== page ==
Definition of creativity
the use of imagination or original ideas to create something;
“Being creative is what sets us humans apart. It is the wellspring of wellness”, according to Betsan Corkhill in her book Knit for Health and Wellness. This rich source to enhance our wellbeing is something that knitters and crocheters tap in to almost instinctively and without even realizing how they are benefiting their brain.
Have you ever wondered how some people are always brimful of ideas? The most creative people find ways around problems because they see them as opportunities and because they are ready to fail and learn. But this isn’t something that you can necessarily train yourself to do, but rather something that we have forgotten.
So what goes on in your brain when you tap into your boundless creativity? Scientists know physically what happens in a brain when it generates ideas, but they have yet to come up with a way to train people to be creative. A psychologist in the 1970s called Donald MacKinnon wrote that: “Most creative people get into a mood to allow creativity to function.” He suggests that creative people retain an ability to play and a childlike enjoyment in things.
Maslow, he of the Hierarchy of Needs, defined a link between psychological health and ordinary creativity, between cheerfulness and openness. So it seems if we can get in touch with our inner child we can all be more creative.
As Pablo Picasso said; “Every child is an artist, the problem is staying an artist when you grow up.” If you think of a group of young children happily painting or making something in the classroom. They are all being creative in their own way, making decisions about colours and textures. They are also problem solving which is something we all need in our everyday lives. As we get older life gets in the way, we get scared of making mistakes, and the danger is we lose the ability, or opportunity, to be creative. This is why taking part in craft is such a boon to us.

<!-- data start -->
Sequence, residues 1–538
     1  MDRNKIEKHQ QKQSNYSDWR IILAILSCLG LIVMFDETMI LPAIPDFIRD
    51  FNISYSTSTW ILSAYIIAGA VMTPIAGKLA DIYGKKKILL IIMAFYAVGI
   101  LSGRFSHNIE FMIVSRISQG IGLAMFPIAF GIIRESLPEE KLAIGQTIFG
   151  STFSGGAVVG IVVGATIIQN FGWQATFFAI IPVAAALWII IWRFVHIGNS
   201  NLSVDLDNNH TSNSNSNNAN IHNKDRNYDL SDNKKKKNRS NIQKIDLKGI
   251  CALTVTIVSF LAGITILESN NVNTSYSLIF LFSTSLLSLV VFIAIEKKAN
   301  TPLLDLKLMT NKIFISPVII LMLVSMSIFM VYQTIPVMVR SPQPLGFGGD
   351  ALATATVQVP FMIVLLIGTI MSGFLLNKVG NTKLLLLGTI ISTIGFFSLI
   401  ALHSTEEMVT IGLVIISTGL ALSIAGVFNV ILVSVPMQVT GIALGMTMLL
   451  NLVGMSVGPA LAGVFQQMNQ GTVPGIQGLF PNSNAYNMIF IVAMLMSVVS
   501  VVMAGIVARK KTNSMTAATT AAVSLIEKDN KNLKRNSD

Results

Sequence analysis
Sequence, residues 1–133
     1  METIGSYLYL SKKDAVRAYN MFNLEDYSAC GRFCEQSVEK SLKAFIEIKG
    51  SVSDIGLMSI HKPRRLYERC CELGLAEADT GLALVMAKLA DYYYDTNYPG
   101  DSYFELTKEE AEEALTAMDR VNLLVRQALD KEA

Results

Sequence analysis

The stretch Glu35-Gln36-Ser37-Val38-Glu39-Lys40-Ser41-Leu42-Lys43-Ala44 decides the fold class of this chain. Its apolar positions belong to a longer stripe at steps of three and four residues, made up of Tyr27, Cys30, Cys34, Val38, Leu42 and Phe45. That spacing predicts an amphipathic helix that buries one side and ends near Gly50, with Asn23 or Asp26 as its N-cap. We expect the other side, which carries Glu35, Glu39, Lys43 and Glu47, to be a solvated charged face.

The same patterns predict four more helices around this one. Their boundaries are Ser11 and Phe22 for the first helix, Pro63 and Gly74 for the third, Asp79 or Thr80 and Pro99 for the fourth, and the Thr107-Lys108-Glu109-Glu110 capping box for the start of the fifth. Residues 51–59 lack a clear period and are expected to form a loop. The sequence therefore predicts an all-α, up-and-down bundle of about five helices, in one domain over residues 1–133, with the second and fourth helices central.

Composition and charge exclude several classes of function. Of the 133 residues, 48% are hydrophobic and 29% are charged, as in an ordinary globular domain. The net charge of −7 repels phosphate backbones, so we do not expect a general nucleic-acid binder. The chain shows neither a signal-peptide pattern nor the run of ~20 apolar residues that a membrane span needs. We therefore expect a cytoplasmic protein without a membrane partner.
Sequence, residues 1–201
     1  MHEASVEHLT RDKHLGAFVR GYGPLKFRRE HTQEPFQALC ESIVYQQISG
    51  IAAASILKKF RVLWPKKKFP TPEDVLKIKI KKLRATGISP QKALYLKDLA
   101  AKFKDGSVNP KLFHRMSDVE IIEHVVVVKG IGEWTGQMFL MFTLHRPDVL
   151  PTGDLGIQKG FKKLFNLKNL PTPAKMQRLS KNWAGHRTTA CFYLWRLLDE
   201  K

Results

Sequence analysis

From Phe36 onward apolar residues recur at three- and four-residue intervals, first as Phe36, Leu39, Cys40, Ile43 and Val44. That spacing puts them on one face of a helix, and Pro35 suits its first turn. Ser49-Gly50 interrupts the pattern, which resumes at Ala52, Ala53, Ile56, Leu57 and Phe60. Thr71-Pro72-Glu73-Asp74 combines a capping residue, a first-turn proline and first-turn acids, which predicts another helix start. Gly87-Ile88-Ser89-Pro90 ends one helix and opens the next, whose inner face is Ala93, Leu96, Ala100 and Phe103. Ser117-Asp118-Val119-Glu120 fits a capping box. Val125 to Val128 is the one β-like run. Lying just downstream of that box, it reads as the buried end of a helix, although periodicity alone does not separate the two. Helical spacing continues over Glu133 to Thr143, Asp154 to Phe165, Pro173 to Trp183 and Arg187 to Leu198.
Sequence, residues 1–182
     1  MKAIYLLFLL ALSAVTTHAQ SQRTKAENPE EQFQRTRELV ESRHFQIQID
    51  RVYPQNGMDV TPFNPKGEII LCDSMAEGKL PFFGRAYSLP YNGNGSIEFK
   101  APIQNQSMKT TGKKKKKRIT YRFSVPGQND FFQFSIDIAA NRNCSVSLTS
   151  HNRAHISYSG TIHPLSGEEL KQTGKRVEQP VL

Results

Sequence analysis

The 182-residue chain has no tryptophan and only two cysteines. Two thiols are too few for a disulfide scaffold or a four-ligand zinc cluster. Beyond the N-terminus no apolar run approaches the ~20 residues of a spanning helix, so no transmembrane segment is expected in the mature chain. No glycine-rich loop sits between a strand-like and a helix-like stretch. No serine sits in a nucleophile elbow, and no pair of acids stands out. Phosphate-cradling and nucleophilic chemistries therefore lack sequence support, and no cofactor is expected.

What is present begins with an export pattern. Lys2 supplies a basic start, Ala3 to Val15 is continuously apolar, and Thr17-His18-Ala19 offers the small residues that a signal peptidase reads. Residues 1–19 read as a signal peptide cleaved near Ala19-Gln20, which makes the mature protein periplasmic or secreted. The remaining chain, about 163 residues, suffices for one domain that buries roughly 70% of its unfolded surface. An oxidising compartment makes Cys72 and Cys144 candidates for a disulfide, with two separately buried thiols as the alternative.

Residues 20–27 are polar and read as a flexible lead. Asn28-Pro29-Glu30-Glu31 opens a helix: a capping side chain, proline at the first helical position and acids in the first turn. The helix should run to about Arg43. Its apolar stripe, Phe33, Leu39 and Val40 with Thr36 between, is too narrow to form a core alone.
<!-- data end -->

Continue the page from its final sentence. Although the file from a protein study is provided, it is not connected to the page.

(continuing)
You don’t have to be able to design a pattern to be creative with your craft. Simply choosing a pattern, the colours you want to use and anticipating the enjoyment you will experience are all highly creative processes.
My favourite theory is by comedian John Cleese. He says that creativity is like a shy tortoise, tentatively sticking its head out to make sure it’s safe. Cleese suggests we all try to create a safe environment against the craziness of modern life – that’s what our craft can bring us. A safe haven where we can be meditative, relax and allow our brains to unwind, be flexible and open to whatever life has to throw at us.